sheep

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sheep

(shēp)
n. pl. sheep
a. A domesticated ruminant mammal (Ovis aries) having a thick coat, raised in many breeds for its wool, edible flesh, or hide.
b. Any of various wild ruminant mammals related to and resembling the domestic sheep, such as the aoudad, bighorn sheep, and mouflon.
c. Leather made from the skin of one of these animals.
The American Heritage® Medical Dictionary Copyright © 2007, 2004 by Houghton Mifflin Company. Published by Houghton Mifflin Company. All rights reserved.
Occupational medicine A cloven-hoofed barnyard beast raised for wool and meat
Sheep-related infections Actinobacillus spp, anthrax, brucellosis, campylobacteriosis, Chlamydia trachomatis, cryptosporidiosis, European tick-borne encephalitis, Francisella tularensis, giardiasis, leptospirosis, louping ill, orf, Q-fever, rabies, salmonellosis, Yersinia enterocolitica
Vox populi A person or group of people who blindly follow another’s lead
Segen's Medical Dictionary. © 2012 Farlex, Inc. All rights reserved.

sheep

Occupational medicine A cloven-hoofed barnyard beast raised for wool and meat Sheep-related infections Actinobacillus spp, anthrax, brucellosis, campylobacteriosis, Chlamydia trachomatis, cryptosporidiosis, European tick-borne encephalitis, Francisella tularensis, giardiasis, leptospirosis, orf, Q-fever, rabies, salmonellosis, Yersinia enterocolitica. See Dolly.
McGraw-Hill Concise Dictionary of Modern Medicine. © 2002 by The McGraw-Hill Companies, Inc.
References in classic literature ?
'Can you row?' the Sheep asked, handing her a pair of knitting- needles as she spoke.
'Feather!' cried the Sheep, as she took up another pair of needles.
Feather!' the Sheep cried again, taking more needles.
'Didn't you hear me say "Feather"?' the Sheep cried angrily, taking up quite a bunch of needles.
'In the water, of course!' said the Sheep, sticking some of the needles into her hair, as her hands were full.
'You needn't say "please" to ME about 'em' the Sheep said, without looking up from her knitting: 'I didn't put 'em there, and I'm not going to take 'em away.'
Presently, with the utmost ease, he rolled the stone away from the door and drove out his sheep, but he at once put it back again--as easily as though he were merely clapping the lid on to a quiver full of arrows.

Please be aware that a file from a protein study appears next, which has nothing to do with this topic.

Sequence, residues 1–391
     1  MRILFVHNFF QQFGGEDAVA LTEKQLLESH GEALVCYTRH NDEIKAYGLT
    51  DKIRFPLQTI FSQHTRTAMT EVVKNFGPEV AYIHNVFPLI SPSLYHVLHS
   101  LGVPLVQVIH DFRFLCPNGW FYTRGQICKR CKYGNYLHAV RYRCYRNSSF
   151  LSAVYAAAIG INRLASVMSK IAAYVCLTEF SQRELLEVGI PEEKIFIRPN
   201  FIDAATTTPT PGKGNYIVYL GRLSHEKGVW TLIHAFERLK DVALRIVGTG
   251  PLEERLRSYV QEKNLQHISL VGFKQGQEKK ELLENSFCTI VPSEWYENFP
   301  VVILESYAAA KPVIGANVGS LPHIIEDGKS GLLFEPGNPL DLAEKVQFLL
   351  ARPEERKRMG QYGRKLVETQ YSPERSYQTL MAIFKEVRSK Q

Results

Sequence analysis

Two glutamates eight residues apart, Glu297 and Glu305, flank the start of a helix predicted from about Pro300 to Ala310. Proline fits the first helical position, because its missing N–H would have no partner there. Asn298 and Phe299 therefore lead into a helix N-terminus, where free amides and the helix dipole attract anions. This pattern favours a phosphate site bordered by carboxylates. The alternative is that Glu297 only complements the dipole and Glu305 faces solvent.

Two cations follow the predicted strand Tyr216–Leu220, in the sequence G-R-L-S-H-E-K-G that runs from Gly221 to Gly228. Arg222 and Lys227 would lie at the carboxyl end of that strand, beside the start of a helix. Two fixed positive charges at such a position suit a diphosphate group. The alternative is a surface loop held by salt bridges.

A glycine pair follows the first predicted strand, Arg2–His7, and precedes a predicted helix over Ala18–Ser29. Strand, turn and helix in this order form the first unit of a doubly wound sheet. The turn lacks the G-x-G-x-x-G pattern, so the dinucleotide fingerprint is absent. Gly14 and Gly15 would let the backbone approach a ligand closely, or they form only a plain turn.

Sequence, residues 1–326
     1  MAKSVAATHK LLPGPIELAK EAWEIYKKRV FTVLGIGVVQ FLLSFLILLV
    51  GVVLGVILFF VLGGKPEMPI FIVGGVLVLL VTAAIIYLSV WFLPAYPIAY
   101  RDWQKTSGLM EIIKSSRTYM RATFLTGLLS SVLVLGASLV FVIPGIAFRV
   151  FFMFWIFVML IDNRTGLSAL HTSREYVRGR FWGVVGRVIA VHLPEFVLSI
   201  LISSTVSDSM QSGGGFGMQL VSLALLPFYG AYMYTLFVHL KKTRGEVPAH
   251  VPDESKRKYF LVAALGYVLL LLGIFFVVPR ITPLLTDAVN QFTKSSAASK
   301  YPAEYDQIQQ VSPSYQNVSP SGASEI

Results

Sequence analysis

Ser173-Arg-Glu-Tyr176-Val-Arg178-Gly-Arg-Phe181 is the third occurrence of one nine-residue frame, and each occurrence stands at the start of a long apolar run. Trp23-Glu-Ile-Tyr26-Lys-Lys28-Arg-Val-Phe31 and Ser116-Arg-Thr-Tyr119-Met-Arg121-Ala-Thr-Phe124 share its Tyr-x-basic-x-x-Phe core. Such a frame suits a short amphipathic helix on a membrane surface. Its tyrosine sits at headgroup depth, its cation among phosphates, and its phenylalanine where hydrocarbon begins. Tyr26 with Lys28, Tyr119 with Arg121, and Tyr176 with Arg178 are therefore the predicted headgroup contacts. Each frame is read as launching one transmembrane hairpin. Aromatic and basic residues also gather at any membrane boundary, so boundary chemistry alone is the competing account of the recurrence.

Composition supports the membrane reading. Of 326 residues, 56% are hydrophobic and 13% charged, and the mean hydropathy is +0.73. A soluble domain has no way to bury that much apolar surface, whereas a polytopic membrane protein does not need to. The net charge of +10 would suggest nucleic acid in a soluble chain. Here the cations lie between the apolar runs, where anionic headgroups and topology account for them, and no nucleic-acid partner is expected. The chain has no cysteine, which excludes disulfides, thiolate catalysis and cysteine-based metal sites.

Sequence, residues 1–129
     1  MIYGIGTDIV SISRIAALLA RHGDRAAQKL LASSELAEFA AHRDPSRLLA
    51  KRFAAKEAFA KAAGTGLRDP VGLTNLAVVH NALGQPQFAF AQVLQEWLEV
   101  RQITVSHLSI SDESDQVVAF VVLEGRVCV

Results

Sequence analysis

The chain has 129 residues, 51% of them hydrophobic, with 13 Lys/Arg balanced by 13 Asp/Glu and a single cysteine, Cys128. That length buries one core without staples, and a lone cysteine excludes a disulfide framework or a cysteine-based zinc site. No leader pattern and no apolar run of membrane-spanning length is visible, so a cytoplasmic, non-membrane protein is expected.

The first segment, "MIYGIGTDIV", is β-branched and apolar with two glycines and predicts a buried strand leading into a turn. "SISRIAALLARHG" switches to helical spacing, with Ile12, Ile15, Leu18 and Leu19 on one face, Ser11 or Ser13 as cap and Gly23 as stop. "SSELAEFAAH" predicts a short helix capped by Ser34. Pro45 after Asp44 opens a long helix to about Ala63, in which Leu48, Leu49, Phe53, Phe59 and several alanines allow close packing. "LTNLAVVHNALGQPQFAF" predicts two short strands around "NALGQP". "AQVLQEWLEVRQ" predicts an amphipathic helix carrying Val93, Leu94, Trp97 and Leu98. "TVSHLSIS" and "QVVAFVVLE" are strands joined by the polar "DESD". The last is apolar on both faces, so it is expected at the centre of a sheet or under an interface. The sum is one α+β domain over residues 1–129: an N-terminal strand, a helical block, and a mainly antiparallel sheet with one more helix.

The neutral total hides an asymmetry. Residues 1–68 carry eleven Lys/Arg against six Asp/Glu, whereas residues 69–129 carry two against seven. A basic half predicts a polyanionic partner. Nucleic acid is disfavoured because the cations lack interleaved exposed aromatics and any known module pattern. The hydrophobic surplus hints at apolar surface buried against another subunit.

"In the end I deemed it would be the best plan to do as follows: The Cyclops had a great club which was lying near one of the sheep pens; it was of green olive wood, and he had cut it intending to use it for a staff as soon as it should be dry.
Surely no man is carrying off your sheep? Surely no man is trying to kill you either by fraud or by force?
"Then they went away, and I laughed inwardly at the success of my clever stratagem, but the Cyclops, groaning and in an agony of pain, felt about with his hands till he found the stone and took it from the door; then he sat in the doorway and stretched his hands in front of it to catch anyone going out with the sheep, for he thought I might be foolish enough to attempt this.
In the end I deemed that this plan would be the best; the male sheep were well grown, and carried a heavy black fleece, so I bound them noiselessly in threes together, with some of the withies on which the wicked monster used to sleep.
"Thus, then, did we wait in great fear of mind till morning came, but when the child of morning, rosy-fingered Dawn, appeared, the male sheep hurried out to feed, while the ewes remained bleating about the pens waiting to be milked, for their udders were full to bursting; but their master in spite of all his pain felt the backs of all the sheep as they stood upright, without being sharp enough to find out that the men were underneath their bellies.